The skin gets oily when you stay up late because it’s dehydrated. If you ignore the signs, a lot of oil will accumulate on your face, easily clog your pores and cause acne breeding.

At this point, you can apply a refreshing lotion on your face to quickly replenish moisture to your skin. You can then apply oil control gel to control oil secretion and moisturize your skin.

While staying up late and working overtime, you should make the indoor air clear and maintain skin-friendly humidity. So, it is essential to have a humidifier in environments with dehumidified indoor air.

2. Clean the Skin As Soon As Possible

Don’t always wait until you sleep to clean your skin. Always clean the skin at regular intervals, around twice a day, reduce the burden on the skin, and prevent acne.

Also, to maintain the balance of water and oil, it is necessary to strengthen oil control and stay hydrated to replenish the skin.

When necessary, add serum to stimulate collagen proliferation and repair the skin, and enhance cell viability.

3. Take Vitamin C Supplements

Working overtime and staying up late will cause loss of skin collagen. At dinner, eat more vitamin C or collagen-containing foods to help the skin restore elasticity and luster.

Animal skin is rich in collagen. Many fruits are rich in vitamin C, or you can take one tablet of vitamin C. But avoid eating spicy, especially oily foods, to prevent excessive evaporation of skin moisture.

People with sensitive skin should eat as little seafood as possible. Alcoholic beverages significantly reduce nutrient absorption and skin retention, so they should be used with caution.

4. Always Apply Night Cream

At around 9 p.m., as the day draws to a close, the body prepares for sleep by producing melatonin, a powerful anti-inflammatory antioxidant.

Melatonin ensures that the circadian rhythm remains in balance and counteracts inflammation and oxidative stress, both of which are key players in the aging process.

When this process is interrupted by insomnia, stress, and worry, the body produces cortisol. This, in turn, prevents the body from producing hyaluronic acid, which is a natural moisturizer.

This means that poor sleep can lead to dry and dehydrated skin, resulting in a dull complexion and a damaged skin barrier.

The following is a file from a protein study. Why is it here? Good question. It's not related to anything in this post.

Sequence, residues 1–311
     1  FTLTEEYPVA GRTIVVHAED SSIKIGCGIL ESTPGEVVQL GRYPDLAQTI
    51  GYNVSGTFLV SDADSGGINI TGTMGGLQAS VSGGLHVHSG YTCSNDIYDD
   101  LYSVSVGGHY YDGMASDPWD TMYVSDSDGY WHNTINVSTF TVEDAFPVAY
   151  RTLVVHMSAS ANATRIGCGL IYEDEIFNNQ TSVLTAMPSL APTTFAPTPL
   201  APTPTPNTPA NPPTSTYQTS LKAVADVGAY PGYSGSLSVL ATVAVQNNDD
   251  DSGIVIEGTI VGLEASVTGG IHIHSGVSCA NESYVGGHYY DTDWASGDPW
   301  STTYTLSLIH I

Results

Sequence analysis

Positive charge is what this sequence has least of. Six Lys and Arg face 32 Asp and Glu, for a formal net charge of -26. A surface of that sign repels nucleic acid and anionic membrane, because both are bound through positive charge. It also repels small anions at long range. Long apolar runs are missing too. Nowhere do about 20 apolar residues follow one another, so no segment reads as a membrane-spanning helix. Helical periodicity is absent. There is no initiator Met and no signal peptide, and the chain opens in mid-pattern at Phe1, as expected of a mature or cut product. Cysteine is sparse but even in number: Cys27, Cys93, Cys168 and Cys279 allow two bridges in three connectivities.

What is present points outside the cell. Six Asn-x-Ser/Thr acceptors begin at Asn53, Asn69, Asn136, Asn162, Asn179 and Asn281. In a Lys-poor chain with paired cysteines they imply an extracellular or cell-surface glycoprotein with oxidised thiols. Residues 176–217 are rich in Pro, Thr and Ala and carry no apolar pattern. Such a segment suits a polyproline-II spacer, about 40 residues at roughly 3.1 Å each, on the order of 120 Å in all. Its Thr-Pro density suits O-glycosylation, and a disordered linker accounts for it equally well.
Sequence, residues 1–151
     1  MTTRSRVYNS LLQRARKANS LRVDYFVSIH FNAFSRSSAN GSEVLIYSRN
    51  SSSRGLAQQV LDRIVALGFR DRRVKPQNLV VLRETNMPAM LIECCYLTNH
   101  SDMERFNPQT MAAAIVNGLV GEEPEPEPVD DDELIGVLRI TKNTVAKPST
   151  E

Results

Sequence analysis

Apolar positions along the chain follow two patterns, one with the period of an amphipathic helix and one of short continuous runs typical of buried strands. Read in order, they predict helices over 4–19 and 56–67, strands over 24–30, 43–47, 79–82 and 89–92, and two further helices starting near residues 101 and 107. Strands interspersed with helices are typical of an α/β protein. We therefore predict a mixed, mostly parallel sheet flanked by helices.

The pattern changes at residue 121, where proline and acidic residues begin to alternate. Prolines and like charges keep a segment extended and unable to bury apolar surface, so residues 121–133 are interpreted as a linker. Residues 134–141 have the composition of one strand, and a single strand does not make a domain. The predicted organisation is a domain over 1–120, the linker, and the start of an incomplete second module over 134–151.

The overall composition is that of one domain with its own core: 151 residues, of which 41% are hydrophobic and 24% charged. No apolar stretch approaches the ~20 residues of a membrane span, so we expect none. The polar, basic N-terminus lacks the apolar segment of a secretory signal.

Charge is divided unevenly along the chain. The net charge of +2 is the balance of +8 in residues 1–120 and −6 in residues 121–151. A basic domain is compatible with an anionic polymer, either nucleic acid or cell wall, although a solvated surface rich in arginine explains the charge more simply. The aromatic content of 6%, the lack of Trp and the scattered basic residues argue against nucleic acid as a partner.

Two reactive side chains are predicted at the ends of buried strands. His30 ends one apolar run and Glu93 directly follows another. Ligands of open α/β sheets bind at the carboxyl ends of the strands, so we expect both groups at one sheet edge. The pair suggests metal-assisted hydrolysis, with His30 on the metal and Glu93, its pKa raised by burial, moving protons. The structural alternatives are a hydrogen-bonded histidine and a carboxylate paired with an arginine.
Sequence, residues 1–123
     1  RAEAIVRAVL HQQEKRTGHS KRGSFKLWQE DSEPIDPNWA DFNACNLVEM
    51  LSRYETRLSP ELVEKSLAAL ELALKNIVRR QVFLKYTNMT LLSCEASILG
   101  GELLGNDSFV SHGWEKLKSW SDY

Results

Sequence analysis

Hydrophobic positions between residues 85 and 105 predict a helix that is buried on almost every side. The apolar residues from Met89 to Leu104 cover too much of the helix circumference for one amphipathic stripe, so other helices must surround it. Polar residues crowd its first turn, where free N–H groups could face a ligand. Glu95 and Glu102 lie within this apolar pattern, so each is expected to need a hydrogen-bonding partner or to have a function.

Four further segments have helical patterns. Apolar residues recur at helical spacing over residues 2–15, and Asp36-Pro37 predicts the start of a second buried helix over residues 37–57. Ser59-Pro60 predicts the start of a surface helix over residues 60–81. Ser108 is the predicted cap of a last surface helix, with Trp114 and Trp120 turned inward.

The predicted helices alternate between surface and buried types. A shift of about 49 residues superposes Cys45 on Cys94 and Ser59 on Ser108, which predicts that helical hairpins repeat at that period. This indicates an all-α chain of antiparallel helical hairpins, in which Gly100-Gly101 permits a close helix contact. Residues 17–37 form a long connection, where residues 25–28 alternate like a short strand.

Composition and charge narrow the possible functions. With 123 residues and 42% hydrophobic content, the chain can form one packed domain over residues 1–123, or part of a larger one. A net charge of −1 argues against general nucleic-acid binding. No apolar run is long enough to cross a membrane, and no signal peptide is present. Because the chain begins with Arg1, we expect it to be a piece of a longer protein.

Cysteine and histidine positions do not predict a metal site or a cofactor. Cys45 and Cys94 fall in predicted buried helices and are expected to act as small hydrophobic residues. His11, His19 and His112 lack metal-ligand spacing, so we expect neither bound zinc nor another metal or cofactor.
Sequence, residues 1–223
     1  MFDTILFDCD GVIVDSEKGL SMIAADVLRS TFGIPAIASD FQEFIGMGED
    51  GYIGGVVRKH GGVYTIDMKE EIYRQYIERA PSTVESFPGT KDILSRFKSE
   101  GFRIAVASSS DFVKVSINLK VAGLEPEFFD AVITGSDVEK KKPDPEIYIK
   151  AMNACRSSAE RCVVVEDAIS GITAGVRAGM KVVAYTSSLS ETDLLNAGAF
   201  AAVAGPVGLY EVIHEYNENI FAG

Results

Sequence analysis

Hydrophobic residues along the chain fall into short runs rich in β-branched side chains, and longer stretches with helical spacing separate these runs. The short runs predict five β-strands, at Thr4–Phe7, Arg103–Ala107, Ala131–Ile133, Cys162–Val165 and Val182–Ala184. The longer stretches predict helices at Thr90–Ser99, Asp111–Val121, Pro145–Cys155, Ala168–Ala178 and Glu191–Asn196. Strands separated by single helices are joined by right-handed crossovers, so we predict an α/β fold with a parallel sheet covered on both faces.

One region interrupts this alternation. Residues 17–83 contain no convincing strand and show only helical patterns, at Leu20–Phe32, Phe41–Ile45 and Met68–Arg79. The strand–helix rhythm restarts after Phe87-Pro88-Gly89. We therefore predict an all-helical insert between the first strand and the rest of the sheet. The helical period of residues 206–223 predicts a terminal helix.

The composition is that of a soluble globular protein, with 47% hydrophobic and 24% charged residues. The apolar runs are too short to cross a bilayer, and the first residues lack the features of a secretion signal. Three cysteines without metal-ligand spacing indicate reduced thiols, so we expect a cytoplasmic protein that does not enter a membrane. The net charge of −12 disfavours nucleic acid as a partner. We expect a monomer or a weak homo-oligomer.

Given that many of us currently work from home and may not wear makeup there, skipping the nightly skincare routine can be tempting. However, in doing so, you miss out on an opportunity to aid the skin’s repair mechanisms, which work while you sleep.

The best products on the market counteract this. Advanced Night Repair by Estēe Lauder uses the circadian rhythm to make your complexion look more even and provide more glow.

Also, the night cream Ultra Smart Pro-Collagen Night Genius by Elemis strengthens the skin’s protective function so that the skin’s moisture can be better stored. This makes the skin less sensitive. It was also found that the cream moisturizes the skin for a total of 72 hours. Both of these products can help make you look more rested than you might feel.

5. Do Massage Exercises Day and Night

For dark circles, there is a set of simple and effective eye massage exercises: pressing the entire eyelid, pressing the temple from the inner corner of the eye, and then pressing the temple with the middle finger; each time you press, then gently lift it. Massage the eye sockets with your ring finger before going to bed to help lymphatic circulation.

6. Give Your Eye Area Enough Moisture

Staying up late in the night always generates problems ranging from discoloration of the skin and dark circles under the eyes to fine or deep wrinkles and having bags under the eyes.

To remedy or prevent this, make sure that the eye area is sufficiently hydrated. A good eye moisturizer, with caffeine or peptides, can temporarily improve fine lines by smoothing the skin’s surface.

Also, products with vitamins A and C can help to lighten dark circles under the eyes to a certain extent.

Conclusion

Sufficient sleep is the number one nourishment for the body, but many always go to bed late for work, study, entertainment, and other reasons. Many professions and organizations are turning to flexibility and remote working. This way, you easily end up outstretching your regular working hours.

Sometimes, many just want to play more with their mobile phones. It’s not like there’s no desire to sleep, but there are always new things that stimulate the brain and keep the brain excited.

All these can leave a telling effect on your skin, brain, and even internal organs if not properly managed. As for the skin, the key is staying moisturized, cleaning up regularly, and taking vitamin supplements.